Fears of further damage in California fire as winds strengthen

Firefighters in California are facing a possible further spread of several huge wildfires and more destruction as winds strengthen.

A lull on Saturday allowed some containment of the blazes, in the north and south of the state, before hot dry Santa Ana desert winds return.

A search for bodies continues in the devastated northern town of Paradise, where 23 people are known to have died.

Two more people were killed in the southern fire, near Malibu.

An estimated 250,000 people have been forced to flee their homes to avoid three major blazes in the state.

So far this year an area larger than Belgium and Luxembourg has burned, well above the average.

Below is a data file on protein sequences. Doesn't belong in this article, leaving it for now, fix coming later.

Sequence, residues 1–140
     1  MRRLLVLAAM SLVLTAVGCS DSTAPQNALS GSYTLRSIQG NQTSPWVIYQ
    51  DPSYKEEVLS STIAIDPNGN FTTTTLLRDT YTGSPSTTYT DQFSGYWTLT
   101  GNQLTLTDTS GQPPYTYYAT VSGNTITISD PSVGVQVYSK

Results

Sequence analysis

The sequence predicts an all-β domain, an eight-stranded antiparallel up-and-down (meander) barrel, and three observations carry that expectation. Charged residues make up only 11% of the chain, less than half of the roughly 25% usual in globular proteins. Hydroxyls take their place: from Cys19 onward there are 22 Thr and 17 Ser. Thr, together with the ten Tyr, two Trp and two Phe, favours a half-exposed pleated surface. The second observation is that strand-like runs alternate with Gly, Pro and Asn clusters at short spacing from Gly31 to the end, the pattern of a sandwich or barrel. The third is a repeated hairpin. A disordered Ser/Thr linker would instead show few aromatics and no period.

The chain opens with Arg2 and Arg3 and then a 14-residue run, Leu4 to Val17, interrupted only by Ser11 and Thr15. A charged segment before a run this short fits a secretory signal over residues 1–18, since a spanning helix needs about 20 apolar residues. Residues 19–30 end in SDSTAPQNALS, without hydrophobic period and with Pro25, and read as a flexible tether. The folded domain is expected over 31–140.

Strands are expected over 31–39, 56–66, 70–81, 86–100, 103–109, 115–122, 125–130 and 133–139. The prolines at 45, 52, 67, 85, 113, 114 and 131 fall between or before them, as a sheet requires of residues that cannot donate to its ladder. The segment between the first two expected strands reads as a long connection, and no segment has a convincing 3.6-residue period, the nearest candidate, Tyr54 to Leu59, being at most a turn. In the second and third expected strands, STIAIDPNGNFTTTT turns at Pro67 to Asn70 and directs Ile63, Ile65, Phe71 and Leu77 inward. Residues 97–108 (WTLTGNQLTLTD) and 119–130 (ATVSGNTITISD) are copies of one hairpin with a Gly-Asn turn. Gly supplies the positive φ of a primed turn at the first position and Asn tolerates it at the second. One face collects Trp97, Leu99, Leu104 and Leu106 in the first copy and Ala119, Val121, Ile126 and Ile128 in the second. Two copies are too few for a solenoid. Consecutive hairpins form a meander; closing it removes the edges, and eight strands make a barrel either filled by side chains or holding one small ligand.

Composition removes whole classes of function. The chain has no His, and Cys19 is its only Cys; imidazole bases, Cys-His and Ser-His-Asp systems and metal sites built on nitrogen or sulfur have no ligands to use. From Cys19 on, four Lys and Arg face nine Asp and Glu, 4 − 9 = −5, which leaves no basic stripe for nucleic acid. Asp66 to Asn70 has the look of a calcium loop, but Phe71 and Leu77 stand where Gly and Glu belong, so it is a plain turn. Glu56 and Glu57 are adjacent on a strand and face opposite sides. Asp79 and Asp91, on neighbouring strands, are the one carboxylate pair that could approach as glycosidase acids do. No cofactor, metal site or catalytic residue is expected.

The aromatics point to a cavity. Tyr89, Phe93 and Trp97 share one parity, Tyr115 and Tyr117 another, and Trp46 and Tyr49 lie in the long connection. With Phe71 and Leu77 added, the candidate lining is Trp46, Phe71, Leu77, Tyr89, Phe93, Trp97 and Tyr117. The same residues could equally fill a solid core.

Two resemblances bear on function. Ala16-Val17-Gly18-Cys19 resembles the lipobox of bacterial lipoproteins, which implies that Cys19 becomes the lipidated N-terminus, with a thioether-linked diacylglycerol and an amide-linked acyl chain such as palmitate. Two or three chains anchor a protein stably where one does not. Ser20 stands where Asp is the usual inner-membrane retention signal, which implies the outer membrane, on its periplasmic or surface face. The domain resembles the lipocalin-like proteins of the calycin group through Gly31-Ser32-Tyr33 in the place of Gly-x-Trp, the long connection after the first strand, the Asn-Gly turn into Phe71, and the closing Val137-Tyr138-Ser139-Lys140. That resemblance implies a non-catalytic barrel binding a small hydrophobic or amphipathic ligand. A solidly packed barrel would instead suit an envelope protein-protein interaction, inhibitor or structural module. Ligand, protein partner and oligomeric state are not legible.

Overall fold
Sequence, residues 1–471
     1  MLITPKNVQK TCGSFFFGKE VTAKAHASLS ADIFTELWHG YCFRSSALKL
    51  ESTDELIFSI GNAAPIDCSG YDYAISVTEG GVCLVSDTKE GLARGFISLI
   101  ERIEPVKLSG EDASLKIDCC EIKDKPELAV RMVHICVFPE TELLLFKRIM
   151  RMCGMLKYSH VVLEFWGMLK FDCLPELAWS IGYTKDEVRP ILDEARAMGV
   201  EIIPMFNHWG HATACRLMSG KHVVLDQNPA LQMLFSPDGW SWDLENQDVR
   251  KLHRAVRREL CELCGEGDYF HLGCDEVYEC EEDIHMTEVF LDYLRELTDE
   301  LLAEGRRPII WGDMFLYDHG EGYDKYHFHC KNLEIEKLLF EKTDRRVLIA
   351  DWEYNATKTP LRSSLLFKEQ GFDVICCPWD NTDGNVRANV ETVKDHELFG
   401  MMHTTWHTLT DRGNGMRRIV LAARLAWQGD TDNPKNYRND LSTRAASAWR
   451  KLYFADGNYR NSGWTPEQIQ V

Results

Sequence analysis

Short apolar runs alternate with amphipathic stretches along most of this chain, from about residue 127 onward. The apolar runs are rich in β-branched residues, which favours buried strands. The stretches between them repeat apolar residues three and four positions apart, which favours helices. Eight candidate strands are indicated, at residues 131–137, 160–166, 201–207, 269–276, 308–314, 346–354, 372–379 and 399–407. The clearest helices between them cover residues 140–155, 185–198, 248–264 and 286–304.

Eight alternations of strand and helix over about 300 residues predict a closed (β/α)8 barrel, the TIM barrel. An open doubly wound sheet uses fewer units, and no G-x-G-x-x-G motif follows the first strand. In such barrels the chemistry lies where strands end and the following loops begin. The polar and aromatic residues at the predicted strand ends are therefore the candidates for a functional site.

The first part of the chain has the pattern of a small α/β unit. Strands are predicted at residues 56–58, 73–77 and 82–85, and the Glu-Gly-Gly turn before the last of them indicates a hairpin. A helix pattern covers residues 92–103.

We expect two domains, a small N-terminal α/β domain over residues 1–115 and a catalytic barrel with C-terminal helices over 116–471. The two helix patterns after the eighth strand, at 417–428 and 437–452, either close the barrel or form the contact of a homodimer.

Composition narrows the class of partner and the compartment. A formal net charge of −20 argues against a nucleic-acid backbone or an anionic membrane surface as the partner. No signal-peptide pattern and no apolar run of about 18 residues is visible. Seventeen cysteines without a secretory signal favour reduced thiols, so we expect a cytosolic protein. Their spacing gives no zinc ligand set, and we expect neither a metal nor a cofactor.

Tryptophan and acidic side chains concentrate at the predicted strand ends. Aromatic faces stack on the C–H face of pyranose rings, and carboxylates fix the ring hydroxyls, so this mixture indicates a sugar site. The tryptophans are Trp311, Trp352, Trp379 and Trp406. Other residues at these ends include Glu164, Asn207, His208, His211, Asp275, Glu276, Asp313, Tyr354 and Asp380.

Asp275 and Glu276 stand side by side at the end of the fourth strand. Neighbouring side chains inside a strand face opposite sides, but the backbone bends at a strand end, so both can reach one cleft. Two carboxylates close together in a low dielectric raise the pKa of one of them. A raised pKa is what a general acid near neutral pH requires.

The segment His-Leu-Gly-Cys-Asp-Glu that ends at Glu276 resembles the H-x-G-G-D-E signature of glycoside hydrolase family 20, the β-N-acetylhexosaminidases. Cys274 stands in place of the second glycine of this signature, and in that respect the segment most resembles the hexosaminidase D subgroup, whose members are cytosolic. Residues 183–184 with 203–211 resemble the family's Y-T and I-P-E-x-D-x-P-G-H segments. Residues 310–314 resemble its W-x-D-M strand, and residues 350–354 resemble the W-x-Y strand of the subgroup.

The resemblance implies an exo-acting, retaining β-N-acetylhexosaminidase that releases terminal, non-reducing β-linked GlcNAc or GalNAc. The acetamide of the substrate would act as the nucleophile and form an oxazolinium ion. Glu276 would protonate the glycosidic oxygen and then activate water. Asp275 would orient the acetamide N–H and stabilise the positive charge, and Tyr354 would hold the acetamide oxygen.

California Governor Jerry Brown asked US President Donald Trump to declare a major disaster to boost the emergency response and help recovery efforts.

In a series of tweets in recent days, Mr Trump has drawn anger by saying that poor forestry management is to blame for the fires.

But he has now extended his sympathies to those affected.

The blaze known as the Camp Fire started spreading through Butte County on Thursday, and firefighters were powerless to stop it destroying the town of Paradise.

Another fire swept into the affluent southern beach resort of Malibu on Friday and had doubled in size by Saturday.

Known as the Woolsey, it had burned more than 83,000 acres (33,500 hectares) by late that day.

Among the towns under evacuation orders is Thousand Oaks, where a gunman killed 12 people in a rampage on Wednesday.